Saturday, September 30th 2023

Woodbois Ltd

keep up to date with the latest news


Time for a punt on Woodbois ?


“…Might now be the right time to look at an ambitious company with a low price/earnings ratio reporting strong sales? Currently trading at 1.5p, WBI, at a £30m market cap, does look rather enticing. Prospective investors should also note that a couple of major stakeholders have been offloading shares in the past few weeks…”


Africa-focused forestry company Woodbois (AIM: WBI) continues to report increasing production and revenues, expanding into a market in which the Ukrainian crisis has forced up prices for timber. But after rallying last year, WBI’s stock has fallen back amid uncertainty within the wider commodities market, and selling by some large stakeholders. Might now be the right time to look at an ambitious company with a low price/earnings (P/E) ratio reporting strong sales?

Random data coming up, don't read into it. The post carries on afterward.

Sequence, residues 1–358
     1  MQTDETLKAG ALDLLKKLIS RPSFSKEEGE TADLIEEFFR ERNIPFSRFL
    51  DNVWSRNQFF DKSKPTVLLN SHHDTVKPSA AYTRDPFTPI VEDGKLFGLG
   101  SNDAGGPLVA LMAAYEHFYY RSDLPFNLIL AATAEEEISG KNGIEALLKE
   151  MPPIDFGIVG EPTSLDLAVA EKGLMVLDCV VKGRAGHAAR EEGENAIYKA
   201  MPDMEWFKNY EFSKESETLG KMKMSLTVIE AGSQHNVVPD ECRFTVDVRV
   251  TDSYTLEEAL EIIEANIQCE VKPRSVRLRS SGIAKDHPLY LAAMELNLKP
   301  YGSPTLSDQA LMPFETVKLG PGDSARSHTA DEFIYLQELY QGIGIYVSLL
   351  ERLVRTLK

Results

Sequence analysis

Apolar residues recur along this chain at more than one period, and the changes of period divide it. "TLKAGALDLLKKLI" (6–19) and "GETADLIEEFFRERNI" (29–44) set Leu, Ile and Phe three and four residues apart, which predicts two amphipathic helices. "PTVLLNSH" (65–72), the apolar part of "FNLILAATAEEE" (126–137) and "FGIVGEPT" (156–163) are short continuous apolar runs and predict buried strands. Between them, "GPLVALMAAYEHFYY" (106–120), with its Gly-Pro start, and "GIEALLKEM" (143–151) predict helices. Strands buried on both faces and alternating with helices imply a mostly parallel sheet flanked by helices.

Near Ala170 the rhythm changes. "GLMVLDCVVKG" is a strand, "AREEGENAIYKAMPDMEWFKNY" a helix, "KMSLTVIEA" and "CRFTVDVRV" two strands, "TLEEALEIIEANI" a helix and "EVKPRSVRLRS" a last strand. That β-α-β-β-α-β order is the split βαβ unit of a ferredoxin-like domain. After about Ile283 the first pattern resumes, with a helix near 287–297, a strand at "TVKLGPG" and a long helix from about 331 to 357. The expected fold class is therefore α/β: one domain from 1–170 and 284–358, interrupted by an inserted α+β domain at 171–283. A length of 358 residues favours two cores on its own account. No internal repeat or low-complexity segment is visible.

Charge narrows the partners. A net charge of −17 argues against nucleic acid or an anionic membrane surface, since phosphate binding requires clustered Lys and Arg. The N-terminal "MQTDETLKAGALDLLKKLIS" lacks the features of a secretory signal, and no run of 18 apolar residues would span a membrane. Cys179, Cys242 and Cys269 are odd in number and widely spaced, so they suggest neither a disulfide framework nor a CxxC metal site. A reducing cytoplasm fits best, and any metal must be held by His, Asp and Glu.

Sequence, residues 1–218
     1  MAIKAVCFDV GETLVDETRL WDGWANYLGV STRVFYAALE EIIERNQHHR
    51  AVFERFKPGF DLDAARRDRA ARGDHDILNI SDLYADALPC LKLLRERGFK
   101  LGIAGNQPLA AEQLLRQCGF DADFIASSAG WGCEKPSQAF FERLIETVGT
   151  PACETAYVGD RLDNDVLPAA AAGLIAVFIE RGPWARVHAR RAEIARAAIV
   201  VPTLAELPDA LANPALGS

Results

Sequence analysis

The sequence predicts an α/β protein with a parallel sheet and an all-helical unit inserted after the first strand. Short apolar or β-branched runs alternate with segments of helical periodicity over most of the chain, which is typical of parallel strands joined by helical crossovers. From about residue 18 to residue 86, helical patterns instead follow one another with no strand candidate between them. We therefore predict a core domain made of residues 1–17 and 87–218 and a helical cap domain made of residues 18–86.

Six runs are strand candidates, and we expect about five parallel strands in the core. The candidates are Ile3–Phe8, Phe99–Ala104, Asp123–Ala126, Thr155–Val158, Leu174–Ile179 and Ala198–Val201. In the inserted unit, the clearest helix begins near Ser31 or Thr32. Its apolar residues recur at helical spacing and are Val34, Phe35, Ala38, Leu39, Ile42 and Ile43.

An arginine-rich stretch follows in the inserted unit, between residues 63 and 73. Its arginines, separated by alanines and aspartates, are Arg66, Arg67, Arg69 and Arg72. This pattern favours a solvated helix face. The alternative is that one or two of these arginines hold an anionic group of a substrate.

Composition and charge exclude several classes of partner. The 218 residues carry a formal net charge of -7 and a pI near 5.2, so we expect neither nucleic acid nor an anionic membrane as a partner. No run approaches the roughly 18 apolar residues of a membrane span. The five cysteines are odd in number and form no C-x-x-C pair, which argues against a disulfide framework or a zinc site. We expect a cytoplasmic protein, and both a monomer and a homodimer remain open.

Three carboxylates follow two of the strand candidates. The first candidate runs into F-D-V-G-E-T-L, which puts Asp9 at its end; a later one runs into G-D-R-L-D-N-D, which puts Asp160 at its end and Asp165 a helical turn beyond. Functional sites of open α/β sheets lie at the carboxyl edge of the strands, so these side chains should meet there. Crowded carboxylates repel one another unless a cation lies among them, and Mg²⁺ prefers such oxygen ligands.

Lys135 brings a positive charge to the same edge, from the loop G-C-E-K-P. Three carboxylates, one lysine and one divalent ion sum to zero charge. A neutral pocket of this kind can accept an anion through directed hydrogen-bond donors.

WBI produces and trades hardwood, softwood and related products for use in house-building, railway construction, interior design and carpentry, and also lightweight African veneer and blockboard. More recently the company moved into the carbon credits market, offering reforestation services. WBI manages some 470,000 hectares of natural forest, and has production facilities on both sides of the African coast: a sawmill site and veneer factory in Gabon on the west coast, the location of the company’s core operations; and a sawmill site in Mozambique, where it funds limited operations on a care and maintenance basis, retaining the option for expansion. WBI’s sawmill functionality has been upgraded in recent years to ensure all operations and processes can be completed on-site.